A Good Hypothesis


In order to be of maximum usefulness in acquiring and organizing knowledge, a hypothesis must meet eight conditions:


1.       It must be falsifiable; that is, it cannot be an analytic statement (which will remain true regardless of what occurs). Moliere satirized the doctors who postulated a “dormitive power” in certain drugs to explain why they make you sleepy. But we continue to be offered similarly circular hypotheses: dogs bury bones because they have a bone-burying instinct; human beings fight because they have a violent tendency. These allegedly explanatory hypotheses merely restate that which is to be explained. They are not falsifiable; they are devoid of empirical content. If a hypothesis refers to such entities as bone-burying instincts, which are not manifested in any way other than in the burying of bones (that is, entities which so far as we can tell exist only in the phenomena they allegedly explain), then it is ad hoc and can never be put to the test. If a hypothesis does no more than summarize what is already known, it cannot be disproved.


2.       The explanatory hypothesis must of course be true. I have read that “lost persons travel in circles because spiral movement is a property of all living matter in motion.”


3.       The hypothesis must be simple “even if,” as Nagel maintains, “the simplicity tacitly demanded cannot be articulated precisely, may be almost entirely a psychological matter, and is likely to change as mathematical techniques . . . improve.” Simplicity is always relative to a conceptual scheme (compare figuring a 10% tip in American dollars and in English pounds, shillings, and pence). Even in mathematics, simplicity cannot be defined; it may depend on conventional or cultural factors. The simplicity may be in the concepts employed, or in the laws in which they are used. It may be linguistic (in structure or in notation), or ontological (that is, in the extralinguistic entities postulated). Is Copernicus’ heliocentrism simpler than Ptolemy’s geocentrism, if Copernicus requires that the earth move? The decision was not easy to make.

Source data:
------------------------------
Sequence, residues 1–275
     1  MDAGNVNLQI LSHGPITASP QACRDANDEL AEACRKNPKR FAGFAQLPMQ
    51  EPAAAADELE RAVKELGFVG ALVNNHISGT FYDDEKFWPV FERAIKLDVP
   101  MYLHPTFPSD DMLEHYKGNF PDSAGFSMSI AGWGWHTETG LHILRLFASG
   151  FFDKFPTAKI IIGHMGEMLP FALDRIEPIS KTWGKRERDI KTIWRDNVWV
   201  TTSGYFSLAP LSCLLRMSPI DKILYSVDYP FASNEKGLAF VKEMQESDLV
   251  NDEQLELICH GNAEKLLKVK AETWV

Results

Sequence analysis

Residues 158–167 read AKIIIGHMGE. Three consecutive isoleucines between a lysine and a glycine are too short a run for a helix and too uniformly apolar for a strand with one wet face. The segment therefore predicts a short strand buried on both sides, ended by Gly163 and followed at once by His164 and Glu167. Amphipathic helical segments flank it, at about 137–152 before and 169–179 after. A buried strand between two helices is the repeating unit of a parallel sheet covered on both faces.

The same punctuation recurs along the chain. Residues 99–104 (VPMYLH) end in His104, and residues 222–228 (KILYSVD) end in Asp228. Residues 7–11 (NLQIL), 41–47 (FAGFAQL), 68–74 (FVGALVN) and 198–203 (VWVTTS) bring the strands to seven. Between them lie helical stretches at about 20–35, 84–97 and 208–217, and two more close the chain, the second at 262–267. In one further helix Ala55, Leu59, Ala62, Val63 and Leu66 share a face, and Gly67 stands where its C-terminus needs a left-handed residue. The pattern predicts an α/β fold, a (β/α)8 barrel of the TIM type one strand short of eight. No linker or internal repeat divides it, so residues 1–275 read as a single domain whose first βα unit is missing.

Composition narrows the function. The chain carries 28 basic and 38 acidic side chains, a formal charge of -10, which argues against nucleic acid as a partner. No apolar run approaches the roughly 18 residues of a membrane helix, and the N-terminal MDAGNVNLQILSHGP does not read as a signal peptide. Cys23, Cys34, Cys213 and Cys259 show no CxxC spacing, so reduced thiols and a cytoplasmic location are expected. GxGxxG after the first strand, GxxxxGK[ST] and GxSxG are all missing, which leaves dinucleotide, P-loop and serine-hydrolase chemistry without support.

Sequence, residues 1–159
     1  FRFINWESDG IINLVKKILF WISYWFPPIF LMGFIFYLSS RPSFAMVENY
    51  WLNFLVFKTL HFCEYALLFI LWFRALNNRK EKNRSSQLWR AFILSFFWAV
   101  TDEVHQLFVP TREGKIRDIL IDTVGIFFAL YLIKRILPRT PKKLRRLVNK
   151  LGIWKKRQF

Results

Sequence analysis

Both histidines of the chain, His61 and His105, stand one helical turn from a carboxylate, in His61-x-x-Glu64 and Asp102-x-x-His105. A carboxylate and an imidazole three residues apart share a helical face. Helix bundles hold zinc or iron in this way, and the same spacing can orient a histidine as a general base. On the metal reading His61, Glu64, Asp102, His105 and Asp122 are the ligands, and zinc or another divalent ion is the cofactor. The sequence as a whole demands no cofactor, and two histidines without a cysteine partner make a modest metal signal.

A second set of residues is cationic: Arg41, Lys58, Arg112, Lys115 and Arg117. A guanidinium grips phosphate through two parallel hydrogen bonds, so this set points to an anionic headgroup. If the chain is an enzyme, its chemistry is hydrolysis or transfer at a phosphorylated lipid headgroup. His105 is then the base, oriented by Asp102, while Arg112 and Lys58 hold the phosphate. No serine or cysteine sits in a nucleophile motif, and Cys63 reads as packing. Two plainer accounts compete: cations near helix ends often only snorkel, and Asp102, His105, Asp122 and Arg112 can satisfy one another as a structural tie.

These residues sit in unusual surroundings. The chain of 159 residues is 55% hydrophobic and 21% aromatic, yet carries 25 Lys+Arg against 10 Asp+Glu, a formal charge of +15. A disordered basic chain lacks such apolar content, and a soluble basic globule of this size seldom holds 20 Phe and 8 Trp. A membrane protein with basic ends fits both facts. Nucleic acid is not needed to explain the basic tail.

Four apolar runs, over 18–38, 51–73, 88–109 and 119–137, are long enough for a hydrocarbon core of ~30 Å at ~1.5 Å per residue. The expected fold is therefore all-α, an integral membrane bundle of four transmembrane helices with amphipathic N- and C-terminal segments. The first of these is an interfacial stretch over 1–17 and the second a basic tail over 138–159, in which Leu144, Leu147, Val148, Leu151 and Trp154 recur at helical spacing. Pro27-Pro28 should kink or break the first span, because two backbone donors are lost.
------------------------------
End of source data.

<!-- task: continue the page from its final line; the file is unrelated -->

4.       The hypothesis must be elegant, or beautiful. The physicist Dirac says, “it is more important to have beauty in one’s equations than to have them fit the experiment . . . fundamental physical laws are described in terms of mathematical theory of great beauty and power.” Sometimes the criterion of beauty takes the form of a demand for symmetry; it is for this reason that physicists first postulated the existence of so-called antimatter.


5.       The hypothesis must be as general as possible; it must avoid names and arbitrary or unreasonable restrictions of time and place. Other things being equal, the wider the scope of the hypothesis, and the greater its range and variety of predictive power, the better. Yet generality and simplicity may sometimes conflict. In economics, for example, “perfect competition” is more simple as an explanatory hypothesis, but “imperfect competition” is more general.


6.       The hypothesis, if possible, ought not to be purely statistical or probabilistic. There are some areas of science, however, quantum mechanics, for example, and genetics, in which only probabilities can be predicted. No one can state when the next alpha particle will be emitted, but only how many particles on the average will be emitted in a given time interval; no one can state whether the next baby born in a given family will be blue-eyed or brown-eyed, but only what the probabilities are in a large number of births. This is the basis for the dissatisfaction of some physicists with present-day quantum theory, and their search for what they call “hidden parameters.” Einstein summarized his opposition to purely statistical hypotheses in a famous remark, “God does not play dice with the universe.” In the social sciences, explanatory hypotheses are usually probabilistic. We may explain that there was a riot in Attica prison because confinement and frustration tend to breed aggression, but this hypothesis does not permit us to predict the time and place of the next prison riot.


7.       The hypothesis should bring out analogies where possible. The scientist may use a model for this purpose (for example, of the atom or of the solar system). The model of course is never an exact replica; it is either much larger or much smaller than, and omits certain features of, whatever it represents. If the scientist offers a hypothesis that electricity “flows along a wire like water in a pipe,” or that molecules interact “like billiard balls colliding,” this aids us in grasping the hypothesis, as does a diagram drawn to prove theorems in geometry; but the model must not be confused with the hypothesis itself.


8.       The hypothesis should, finally, satisfy certain criteria that can best be described as metaphysical: that there is no infinite regress of causes; that there is continuity in the world; that the world be regarded as stable


It is interesting in the above list to note the appearance of phrases like simplicity and elegance which are more traditionally the concern of the Arts than the Sciences. Is there some kind of cross over between these two subjects, are their any dangers involved when introducing a subjective measure like ‘elegance’ into science … and what, if anything, does it mean for an equation to be beautiful. Once again science appears not to be as straight forward as we thought.


Adapted from Reuben Abel’s ‘Man is the Measure’ (Chapter 10)